13. The automatic image developing machine as recited in claim 5, werein said photosensitive layer of said photosensitive plate is selected from one of the members of the group consisting of orthoquinone diazide compounds, diazonium salt compounds and azide compounds.
14. The automatic image developing machine as recited in claim 5, wherein said photosensitive layer of said photosensitive plate comprises a compound selected from one of the members of the group consisting of photopolymer compounds and photopolymerizable compounds.
15. The automatic image developing machine as recited in claim 13, wherein said photosensitive layer further comprises a binder resin.
16. The automatic image developing machine as recited in claim 5, wherein said developer compound comprises a primary agent and at least one secondary agent, said primary agent reacting with said photosensitive layer to dissolve said layers.
17. The automatic image developing machine as recited in claim 16, wherein said replenisher compound comprises said primary agent.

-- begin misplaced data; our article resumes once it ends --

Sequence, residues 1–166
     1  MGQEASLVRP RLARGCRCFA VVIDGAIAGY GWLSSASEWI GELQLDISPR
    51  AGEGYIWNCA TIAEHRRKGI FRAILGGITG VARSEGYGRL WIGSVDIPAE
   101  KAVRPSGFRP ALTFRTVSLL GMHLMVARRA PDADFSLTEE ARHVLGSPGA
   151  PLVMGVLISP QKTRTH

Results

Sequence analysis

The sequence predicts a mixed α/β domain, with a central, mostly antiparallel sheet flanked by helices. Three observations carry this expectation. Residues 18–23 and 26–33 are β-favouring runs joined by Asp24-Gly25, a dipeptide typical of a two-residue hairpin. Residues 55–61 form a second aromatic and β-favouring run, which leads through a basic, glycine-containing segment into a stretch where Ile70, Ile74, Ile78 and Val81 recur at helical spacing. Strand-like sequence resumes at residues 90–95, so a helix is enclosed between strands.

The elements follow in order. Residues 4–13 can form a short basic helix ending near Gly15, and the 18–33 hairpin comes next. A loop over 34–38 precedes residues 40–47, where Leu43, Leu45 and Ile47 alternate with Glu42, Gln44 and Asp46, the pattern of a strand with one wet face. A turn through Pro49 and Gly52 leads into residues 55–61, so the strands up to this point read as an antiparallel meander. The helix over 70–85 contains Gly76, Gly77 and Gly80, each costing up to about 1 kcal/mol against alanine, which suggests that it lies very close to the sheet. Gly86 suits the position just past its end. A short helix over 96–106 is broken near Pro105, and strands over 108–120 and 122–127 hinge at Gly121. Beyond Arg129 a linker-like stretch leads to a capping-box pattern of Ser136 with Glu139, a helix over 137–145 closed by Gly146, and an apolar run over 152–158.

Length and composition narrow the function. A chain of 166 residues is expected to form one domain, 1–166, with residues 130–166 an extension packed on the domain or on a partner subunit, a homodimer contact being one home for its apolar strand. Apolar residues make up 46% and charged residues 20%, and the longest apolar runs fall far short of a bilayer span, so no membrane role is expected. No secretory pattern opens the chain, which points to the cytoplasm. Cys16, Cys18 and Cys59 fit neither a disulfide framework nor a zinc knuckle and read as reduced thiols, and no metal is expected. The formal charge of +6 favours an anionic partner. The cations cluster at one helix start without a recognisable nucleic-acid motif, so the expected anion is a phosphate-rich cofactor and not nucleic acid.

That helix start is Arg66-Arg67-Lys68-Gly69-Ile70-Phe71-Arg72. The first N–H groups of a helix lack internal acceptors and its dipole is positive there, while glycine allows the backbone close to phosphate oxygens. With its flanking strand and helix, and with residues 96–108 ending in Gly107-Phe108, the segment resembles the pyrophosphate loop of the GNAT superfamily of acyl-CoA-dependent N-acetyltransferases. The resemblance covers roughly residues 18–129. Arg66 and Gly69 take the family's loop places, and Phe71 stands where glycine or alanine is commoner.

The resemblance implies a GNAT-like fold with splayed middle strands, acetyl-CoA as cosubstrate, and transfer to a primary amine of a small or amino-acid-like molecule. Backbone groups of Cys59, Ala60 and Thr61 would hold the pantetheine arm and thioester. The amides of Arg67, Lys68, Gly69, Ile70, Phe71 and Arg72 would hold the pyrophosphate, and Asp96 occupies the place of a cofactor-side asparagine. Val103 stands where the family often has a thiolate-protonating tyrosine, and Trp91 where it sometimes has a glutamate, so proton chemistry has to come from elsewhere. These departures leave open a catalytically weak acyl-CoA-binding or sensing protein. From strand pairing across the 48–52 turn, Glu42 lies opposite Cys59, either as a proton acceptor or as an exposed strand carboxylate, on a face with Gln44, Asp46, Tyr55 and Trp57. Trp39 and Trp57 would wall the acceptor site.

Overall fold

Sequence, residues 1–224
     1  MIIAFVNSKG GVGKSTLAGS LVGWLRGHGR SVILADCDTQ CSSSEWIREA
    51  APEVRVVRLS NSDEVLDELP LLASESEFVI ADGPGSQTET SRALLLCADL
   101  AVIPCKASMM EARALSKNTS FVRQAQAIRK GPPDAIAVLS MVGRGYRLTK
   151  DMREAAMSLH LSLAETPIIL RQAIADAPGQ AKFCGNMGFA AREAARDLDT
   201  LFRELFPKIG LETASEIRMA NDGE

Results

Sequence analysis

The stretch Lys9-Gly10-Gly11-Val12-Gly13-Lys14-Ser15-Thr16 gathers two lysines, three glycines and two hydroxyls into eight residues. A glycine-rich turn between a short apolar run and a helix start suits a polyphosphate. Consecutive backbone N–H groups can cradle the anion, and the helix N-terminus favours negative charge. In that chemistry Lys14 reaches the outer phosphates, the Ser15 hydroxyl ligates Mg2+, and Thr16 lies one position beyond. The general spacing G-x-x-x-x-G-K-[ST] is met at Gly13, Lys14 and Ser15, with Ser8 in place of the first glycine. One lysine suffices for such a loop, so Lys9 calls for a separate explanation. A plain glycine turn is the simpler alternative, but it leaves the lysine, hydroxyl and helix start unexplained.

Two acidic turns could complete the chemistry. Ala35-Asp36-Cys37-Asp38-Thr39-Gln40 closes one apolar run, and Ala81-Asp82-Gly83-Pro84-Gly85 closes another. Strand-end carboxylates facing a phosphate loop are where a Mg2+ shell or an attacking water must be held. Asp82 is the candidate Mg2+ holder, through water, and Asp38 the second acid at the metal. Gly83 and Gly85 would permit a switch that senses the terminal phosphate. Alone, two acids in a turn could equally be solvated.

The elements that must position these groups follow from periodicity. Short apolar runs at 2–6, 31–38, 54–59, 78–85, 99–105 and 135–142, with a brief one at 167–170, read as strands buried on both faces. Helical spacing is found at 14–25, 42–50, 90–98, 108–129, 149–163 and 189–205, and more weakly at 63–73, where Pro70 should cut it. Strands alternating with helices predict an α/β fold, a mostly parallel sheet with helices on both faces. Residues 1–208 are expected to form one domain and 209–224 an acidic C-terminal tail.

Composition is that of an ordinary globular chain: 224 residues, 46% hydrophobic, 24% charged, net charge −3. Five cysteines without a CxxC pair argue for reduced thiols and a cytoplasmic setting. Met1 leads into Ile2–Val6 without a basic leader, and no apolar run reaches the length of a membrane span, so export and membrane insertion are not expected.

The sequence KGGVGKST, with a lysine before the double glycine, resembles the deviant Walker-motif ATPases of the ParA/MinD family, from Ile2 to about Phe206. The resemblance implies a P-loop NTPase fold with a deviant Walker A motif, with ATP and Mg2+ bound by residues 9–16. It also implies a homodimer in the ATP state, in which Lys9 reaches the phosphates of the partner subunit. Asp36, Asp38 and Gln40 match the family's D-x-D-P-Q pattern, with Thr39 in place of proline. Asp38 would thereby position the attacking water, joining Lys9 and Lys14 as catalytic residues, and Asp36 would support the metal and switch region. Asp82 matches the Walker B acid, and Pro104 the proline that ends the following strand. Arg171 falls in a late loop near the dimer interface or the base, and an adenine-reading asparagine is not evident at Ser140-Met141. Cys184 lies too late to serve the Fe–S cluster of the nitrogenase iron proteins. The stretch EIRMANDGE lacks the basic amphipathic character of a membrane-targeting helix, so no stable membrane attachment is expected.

18. The automatic image developing machine as recited in claim 16, wherein said primary agent reacts with said binder resin to dissolve said resin.
19. The automatic image developing machine as recited in claim 4, wherein said predetermined amount of replenisher compound transferred to said first source ranges from 5 ml to 5 l per 20 l of developer initially contained in said first source.
20. The automatic image developing machine as recited in claim 19, wherein said predetermined amount of replenisher compound transferred to said first source ranges from 20 ml to 2 l per 20 l initially contained in said first source.
21. The automatic image developing machine, as recited in claim 17, wherein said primary agent comprises an alkali agent.
Description
BACKGROUND OF THE INVENTION

1. Field of the Invention

The present invention relates to a method of replenishing a developer during the development of the photosensitive plates in an automatic developing machine. More particularly, the present invention relates to a replenishing method in which the deterioration of the developer due to the processing of the photosensitive plates is measured with a sensor in terms of the dissolution of the photosensitive layer of a specific plate passing through the developing zone of the machine. If the deterioration is found to have reached a certain level, a replenisher is added to the developer to restore the developer to its optimum level.

2. Description of the Prior Art